came up with was for planar circuits, where the innermost

loops were linearly independent of each other. And you have to write KCL for

all the nodes, except one. One of them never matters. So in some sense, we’re done. What we would do to

solve the circuit, think about every element. For every element assign a

voltage, a reference voltage. For every element,

assign a current. Make sure they go in the

right direction. We always define currents

to go down the potential gradient. They always go in the directions

through the element from the positive

to the negative. So for every element, assign

a current and a voltage. We have 6 elements, that’s

12 unknowns. Now we dig and we find

12 equations. In this particular circuit, we

found those 12 equations. There were three KCL equations,

one for each of the inner loops. There were three KCL equations,

one for each node except one. There were 5 Ohm’s law

equations, one for each one of the resistors. There was one source equation

for the voltage source. 12 equations, 12 unknowns,

we’re done. The only problem is a

lot of equations. It’s not a very complicated

circuit. We’ve only got 6 elements. I tried to motivate this in

terms of studying networks that had 10 to the 9 elements. This technique is not

particularly great at 10 to the 9. It would probably work. But we would probably

be interested in finding simpler ways. So there are simpler ways you

might imagine, and we’ll discuss two of them

just very briefly. The dumb way that I just talked

about is what we call primitive variables,

element variables. If you write all the element

variables, v1, v2, v3, v4, v5 v6, all of the element currents,

i1, i2, i3, i4, i5, i6, write all the equations,

you can solve it. However, if you’re judicious,

you can figure out a smaller number of unknowns and a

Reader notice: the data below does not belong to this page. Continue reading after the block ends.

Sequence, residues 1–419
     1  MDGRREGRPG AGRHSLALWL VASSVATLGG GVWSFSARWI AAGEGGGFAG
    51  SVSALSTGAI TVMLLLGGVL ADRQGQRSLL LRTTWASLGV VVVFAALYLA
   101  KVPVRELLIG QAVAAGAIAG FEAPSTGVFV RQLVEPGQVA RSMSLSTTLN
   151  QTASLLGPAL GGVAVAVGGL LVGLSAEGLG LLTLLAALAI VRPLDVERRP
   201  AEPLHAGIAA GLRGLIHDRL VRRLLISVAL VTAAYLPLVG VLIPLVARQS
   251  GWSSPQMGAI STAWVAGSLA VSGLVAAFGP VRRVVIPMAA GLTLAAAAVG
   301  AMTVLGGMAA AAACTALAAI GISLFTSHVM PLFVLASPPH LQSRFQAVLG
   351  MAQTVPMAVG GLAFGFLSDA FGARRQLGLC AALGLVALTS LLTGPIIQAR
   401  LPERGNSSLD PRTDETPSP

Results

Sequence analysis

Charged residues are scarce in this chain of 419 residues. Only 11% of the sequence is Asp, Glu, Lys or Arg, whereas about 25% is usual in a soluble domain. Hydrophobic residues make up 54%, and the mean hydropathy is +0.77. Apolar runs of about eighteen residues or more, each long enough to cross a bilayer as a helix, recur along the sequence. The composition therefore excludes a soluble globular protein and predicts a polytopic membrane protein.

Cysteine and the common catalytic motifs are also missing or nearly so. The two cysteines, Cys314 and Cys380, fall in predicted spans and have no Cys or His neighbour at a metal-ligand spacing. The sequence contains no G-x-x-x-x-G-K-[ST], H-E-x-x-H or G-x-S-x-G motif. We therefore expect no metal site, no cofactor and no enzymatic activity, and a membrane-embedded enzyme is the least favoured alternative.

correspondingly smaller number of equations. One method is called

the node method. When we’re thinking about the

individual elements, the thing that matters is the voltage

across the element. However, that’s not

the easy way to write the circuit equations. A much easier way is not to tell

me the voltage across an element, but instead tell me

the voltage associated with each of the nodes. If I tell you the voltage

associated with every node, the important thing about that

way of defining the variables is that you’re guaranteed that

from those variables, you can tell me the voltage

across every part. So for example, in this circuit,

this voltage source– so if I call this one ground,

we’ll always have a magic node called ground. It is not special

in the least. It’s just the reference

voltage. I’ll come back to that. I’ll say words in a minute about

what the reference is. We always get to declare

one node to be ground. We get one free node. It’s a node whose voltage we

don’t care about because it’s the reference for

all voltages. It’s a node whose current we

don’t care about because we get to throw away one node when

we do current equations. So we have one special mode

called ground, about which we don’t care too much. Except that it’s the most

important node in the circuit. Except for that, we don’t

care about it. So this guy’s ground. We think about its

voltage being 0. Then this voltage supply

makes that node be v0. I don’t know what that is,

so I’ll call it e1. And I don’t know what that

is, so I’ll call it e2. So if I tell you the voltage on

all of those nodes, ground voltage is 0, the top voltage is

v0, the left voltage is e1, the right voltage is e2. From those four numbers, 0 and

3 nontrivial numbers, you can find all of the component

voltages. So for example, the voltage v6,

the voltage across R6 is e2 minus e1. The voltage v4, the voltage

across the R4 resistor is e1 minus 0. So if I tell you all the node

voltages, you can tell me all of the element voltages. And in general, there’s fewer

nodes than there are components. OK, that’s great. So instead of naming the volts

across the elements, we’ll name the voltages at the nodes

because there’s fewer of them. Then, all we need to do in the

node method is write the minimum number of

KCL equations. We know we only have two

unknowns, e1 and e2. And it turns out– and you

can prove this, but I won’t prove it today. It turns out that you need

two KCL equations. Two unknowns, e1, e2,

two KCL equations. And it turns out those two KCL

equations are exactly the KCL equations associated

with the two nodes. So the current leaving

e1, so KCL at e1 — well, there’s a current

that goes that way. Well, that’s the voltage drop

in going from e1 to v0, e1 minus v0, divided by R2. That’s Ohm’s law. So this term represents the

current going up that leg plus the current that goes through

this leg, which is e1 minus e2 over R6. Plus the current going in

that leg, which is e1 minus 0 over R4. The sum of those three